Drexel dragonThe Math ForumDonate to the Math Forum

Ask Dr. Math - Questions and Answers from our Archives
_____________________________________________
Associated Topics || Dr. Math Home || Search Dr. Math
_____________________________________________

e^pi vs. pi^e


Date: 03/20/2002 at 14:51:19
From: Rajesh Gunesh
Subject: Number Theory

Which is greater, e^pi or pi^e? I would like to have a simple proof,
please. 

Thank you!


Date: 03/20/2002 at 15:28:22
From: Doctor Paul
Subject: Re: Number Theory

Consider the function f(x) = e^x - x^e. Its derivative is 

f'(x) = e^x - e*x^(e-1)
f'(x) = 0 will have at most two solutions since f'(x) = 0 implies 

e^x = e*x^(e-1)

and it is easily seen that an exponential function and a power 
function have at most two points of intersection. Observe that 
f'(1) = 0 and f'(e) = 0, so x = 1 and x = e are the two points of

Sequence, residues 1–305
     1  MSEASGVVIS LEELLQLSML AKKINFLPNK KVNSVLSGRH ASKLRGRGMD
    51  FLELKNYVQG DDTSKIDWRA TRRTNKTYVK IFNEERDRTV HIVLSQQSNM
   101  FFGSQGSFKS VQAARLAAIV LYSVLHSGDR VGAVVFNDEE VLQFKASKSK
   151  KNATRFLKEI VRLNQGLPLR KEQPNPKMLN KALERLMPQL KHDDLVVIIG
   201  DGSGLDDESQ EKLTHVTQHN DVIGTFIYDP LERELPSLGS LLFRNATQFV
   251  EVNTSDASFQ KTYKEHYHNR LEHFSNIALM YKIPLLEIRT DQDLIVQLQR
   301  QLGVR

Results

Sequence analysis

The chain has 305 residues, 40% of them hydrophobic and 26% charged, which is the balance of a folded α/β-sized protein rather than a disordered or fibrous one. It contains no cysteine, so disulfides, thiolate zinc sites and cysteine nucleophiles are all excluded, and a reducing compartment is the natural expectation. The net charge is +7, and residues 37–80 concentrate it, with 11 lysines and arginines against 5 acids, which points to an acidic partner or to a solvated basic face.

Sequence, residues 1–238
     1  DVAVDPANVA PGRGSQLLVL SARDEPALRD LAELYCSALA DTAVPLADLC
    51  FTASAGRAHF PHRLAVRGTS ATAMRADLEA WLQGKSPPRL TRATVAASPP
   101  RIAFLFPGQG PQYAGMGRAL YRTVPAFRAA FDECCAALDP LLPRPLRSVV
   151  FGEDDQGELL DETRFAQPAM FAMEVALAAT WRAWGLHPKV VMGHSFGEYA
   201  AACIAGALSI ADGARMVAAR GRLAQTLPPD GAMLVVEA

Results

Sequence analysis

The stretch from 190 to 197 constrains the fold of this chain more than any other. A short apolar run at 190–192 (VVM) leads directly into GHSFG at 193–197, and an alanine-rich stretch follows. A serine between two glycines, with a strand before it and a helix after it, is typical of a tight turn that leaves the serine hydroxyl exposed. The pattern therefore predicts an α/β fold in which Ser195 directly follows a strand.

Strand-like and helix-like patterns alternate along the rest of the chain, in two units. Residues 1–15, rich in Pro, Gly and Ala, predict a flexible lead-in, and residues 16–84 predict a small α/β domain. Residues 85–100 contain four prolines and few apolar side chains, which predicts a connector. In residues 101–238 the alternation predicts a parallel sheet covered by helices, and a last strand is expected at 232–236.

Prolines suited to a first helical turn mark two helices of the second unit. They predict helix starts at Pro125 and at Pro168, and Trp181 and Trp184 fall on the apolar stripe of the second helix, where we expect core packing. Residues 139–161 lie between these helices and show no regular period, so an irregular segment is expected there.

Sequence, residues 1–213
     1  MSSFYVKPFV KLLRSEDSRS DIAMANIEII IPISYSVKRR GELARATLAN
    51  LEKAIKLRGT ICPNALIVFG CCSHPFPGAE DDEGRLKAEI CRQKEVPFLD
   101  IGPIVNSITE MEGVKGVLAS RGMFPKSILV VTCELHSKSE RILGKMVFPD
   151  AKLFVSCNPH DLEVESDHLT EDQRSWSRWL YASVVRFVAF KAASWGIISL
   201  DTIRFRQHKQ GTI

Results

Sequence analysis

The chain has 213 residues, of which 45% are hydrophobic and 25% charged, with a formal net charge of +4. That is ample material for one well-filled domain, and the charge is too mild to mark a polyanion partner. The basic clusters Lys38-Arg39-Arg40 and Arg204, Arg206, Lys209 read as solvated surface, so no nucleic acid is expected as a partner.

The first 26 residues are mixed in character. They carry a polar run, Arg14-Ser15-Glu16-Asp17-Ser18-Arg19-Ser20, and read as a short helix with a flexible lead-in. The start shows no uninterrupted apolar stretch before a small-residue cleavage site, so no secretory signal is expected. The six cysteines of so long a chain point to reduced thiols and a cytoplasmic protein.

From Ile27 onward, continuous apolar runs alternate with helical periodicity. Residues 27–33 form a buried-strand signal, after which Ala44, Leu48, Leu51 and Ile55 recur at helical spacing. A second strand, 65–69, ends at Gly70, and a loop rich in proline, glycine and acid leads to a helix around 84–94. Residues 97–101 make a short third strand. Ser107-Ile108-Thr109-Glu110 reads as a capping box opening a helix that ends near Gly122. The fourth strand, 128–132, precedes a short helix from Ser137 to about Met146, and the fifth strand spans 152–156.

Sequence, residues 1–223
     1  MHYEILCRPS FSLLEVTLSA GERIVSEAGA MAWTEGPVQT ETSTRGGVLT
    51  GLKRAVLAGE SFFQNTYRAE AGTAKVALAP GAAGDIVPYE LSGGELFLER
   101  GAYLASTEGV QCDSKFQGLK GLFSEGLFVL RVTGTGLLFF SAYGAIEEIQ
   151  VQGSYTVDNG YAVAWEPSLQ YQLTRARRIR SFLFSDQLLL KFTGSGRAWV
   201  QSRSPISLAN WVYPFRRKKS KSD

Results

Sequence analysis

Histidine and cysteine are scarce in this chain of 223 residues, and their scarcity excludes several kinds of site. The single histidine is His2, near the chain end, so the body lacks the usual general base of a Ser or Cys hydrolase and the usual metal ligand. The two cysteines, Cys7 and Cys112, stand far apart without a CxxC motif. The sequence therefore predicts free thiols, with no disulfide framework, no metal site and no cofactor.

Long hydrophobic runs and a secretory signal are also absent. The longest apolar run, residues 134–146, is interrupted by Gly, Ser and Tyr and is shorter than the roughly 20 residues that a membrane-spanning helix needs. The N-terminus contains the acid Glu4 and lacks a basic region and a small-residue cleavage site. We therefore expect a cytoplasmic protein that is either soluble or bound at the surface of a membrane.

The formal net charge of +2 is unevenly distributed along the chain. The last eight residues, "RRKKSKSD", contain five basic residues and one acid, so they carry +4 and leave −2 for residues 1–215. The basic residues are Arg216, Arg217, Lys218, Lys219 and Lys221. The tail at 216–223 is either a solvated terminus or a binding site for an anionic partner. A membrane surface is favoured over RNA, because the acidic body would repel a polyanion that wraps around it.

intersection. 

In general, an exponential function will grow to infinity faster than 
a power function, so f'(x) >= 0 for x > e. This means that f is an 
increasing function when x > e.  Also notice that f(e) = 0. Thus, 
since Pi > e and f is increasing when x > e, we have f(Pi) > 0.

Thus f(Pi) = e^Pi - Pi^e > 0. This implies that e^Pi is greater than 
Pi^e. 

A calculator verifies that e^Pi ~= 23.14 and Pi^e ~= 22.46

I hope this helps.  Please write back if you'd like to talk about this 
some more.

- Doctor Paul, The Math Forum
  http://mathforum.org/dr.math/   
    
Associated Topics:
High School Functions
High School Number Theory
High School Transcendental Numbers

Search the Dr. Math Library:


Find items containing (put spaces between keywords):
 
Click only once for faster results:

[ Choose "whole words" when searching for a word like age.]

all keywords, in any order at least one, that exact phrase
parts of words whole words

Submit your own question to Dr. Math

[Privacy Policy] [Terms of Use]

_____________________________________
Math Forum Home || Math Library || Quick Reference || Math Forum Search
_____________________________________

Ask Dr. MathTM
© 1994-2013 The Math Forum
http://mathforum.org/dr.math/